Himeyuri Peace Museum plans second renewal after first in 2004 with new exhibits to pass down history

Himeyuri Peace Museum plans second renewal after first in 2004 with new exhibits to pass down history

Museum director Asaka Futenma (left) and Katsumi Maedomari contemplate history at the 30th anniversary lobby exhibition at the Himeyuri Peace Museum in Itoman City on January 4

January 5, 2019 Ryukyu Shimpo

By Chikako Maemori


On June 23, the Himeyuri Peace Museum in Itoman City will mark 30 years since its opening. On January 4, the Ryukyu Shimpo learned that the museum is planning to renew its exhibitions in 2020.

This year, the museum will begin planning for the renewal in earnest as part of undertakings to mark its 30th anniversary.

This will be the second renewal after a first in 2004, and the museum plans to decide on new exhibits with input from the survivors.

“It is an important opportunity for the survivors and museum staff who were born after the war to work together,” museum director Chokei Futenma, 59, explained with excitement.


Many schools bring students on class trips to the museum.

“Fifteen years have passed since the last renewal,” explained curator Katsumi Maedomari.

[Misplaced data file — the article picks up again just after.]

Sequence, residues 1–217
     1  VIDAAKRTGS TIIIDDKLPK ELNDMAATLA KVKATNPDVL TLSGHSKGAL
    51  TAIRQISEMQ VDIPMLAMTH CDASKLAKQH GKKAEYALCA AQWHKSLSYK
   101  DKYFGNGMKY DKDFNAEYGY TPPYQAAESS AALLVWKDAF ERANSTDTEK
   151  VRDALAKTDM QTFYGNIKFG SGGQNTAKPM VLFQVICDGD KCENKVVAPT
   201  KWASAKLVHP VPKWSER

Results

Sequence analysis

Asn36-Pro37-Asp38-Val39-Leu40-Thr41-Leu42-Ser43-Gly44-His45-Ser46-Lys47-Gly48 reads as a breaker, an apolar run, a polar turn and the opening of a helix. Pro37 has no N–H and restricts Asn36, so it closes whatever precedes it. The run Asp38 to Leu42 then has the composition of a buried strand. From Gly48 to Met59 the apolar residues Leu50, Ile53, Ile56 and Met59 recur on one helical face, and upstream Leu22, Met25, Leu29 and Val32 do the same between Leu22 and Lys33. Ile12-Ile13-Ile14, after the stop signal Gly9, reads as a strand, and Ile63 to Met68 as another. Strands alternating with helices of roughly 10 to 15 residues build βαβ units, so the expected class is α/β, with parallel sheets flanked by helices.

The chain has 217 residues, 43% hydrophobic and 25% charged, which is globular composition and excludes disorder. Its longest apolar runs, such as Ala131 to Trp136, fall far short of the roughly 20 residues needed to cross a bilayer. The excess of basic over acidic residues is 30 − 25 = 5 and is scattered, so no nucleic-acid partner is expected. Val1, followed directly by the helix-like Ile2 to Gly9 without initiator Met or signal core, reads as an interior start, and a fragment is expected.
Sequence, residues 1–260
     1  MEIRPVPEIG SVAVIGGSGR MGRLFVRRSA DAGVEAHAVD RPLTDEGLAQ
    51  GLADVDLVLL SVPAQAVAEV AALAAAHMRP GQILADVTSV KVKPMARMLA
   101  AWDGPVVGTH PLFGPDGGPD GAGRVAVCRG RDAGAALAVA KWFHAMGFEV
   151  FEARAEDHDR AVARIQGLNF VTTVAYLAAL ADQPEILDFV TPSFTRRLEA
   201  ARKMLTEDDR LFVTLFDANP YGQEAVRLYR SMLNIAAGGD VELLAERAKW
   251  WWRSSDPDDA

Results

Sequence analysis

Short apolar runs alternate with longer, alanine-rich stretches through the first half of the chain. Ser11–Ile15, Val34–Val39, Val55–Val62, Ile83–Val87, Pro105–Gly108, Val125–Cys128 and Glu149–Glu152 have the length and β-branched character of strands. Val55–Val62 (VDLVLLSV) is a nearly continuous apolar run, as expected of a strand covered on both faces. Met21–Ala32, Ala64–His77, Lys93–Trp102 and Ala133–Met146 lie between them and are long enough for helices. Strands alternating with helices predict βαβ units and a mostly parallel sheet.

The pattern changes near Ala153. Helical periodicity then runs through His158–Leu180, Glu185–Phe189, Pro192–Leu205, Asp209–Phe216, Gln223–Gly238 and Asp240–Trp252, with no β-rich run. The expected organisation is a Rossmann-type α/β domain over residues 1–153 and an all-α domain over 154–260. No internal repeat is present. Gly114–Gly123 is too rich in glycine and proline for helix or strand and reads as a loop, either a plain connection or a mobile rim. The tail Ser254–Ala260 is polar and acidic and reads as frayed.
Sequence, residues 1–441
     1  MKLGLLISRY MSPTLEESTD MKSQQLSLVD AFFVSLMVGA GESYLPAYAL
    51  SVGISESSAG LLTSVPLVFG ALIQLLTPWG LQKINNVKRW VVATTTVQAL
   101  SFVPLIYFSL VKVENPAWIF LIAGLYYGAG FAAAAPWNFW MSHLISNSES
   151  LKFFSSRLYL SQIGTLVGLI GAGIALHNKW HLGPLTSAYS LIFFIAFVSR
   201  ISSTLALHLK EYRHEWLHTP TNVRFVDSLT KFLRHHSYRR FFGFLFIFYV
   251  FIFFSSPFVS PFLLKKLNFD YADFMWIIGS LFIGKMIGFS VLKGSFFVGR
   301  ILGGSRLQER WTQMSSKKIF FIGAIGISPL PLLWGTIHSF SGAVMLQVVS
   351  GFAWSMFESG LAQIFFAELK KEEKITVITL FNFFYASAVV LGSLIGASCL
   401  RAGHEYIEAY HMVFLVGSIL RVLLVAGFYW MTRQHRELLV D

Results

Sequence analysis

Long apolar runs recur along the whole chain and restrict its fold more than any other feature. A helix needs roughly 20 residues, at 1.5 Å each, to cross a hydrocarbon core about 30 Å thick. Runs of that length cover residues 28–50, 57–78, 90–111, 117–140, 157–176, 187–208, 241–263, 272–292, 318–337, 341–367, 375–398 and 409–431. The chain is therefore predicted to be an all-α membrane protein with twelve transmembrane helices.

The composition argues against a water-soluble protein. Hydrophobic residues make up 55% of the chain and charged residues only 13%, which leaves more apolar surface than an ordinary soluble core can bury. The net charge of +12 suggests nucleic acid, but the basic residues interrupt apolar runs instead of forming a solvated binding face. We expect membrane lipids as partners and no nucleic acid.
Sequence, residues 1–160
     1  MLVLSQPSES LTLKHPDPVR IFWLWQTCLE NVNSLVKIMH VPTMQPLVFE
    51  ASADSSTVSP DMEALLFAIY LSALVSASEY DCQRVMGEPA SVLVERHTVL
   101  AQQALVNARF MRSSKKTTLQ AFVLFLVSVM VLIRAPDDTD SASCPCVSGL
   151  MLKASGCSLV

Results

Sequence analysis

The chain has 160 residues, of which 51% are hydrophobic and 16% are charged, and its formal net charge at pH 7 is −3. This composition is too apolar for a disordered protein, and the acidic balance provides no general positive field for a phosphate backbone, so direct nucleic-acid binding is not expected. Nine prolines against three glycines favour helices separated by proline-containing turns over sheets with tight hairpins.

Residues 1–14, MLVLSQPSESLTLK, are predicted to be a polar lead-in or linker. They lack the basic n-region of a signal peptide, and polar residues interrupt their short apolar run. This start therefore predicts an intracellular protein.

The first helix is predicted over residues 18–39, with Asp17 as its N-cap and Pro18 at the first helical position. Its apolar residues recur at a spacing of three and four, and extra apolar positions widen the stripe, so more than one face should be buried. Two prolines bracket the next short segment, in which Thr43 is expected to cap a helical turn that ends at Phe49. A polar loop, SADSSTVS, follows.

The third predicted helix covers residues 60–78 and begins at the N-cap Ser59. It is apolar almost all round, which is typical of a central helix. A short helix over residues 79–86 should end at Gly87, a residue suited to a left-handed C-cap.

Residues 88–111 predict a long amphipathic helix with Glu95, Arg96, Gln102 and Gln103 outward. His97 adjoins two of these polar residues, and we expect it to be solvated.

“For junior high and high school students, the war feels further away than ever.”

She said that going forward, the museum aims to curate its exhibits in ways that junior high and high school students will be able to understand.


The Himeyuri Peace Museum was founded in 1989 to advocate the importance of peace and commemorate 227 students and teachers from the Okinawa Shihan Women’s School and Okinawa Daiichi Women’s High School who were mobilized to care for wounded soldiers during the Battle of Okinawa.

It became known nationwide as a place where visitors could hear the surviving Himeyuri students in person give testimony as “witnesses” about their experiences.


In 2004, the museum overhauled its exhibitions in order to make them more accessible to the younger generations.

It increased explanatory texts and added testimony video footage for ease of comprehension.

At the end of March of last year, more than 22.19 million people had visited the museum, but the number of visitors has decreased in recent years.


The museum was built by survivors and has been a place where survivors teach the next generations about the horrors of war.

Since its founding, former Himeyuri teachers and students have served as directors of the museum, but last year the museum got its first director born in the post-war era.

“I want to run the museum with an eye toward the future,” says director Futenma.


(English translation by T&CT and Sandi Aritza)


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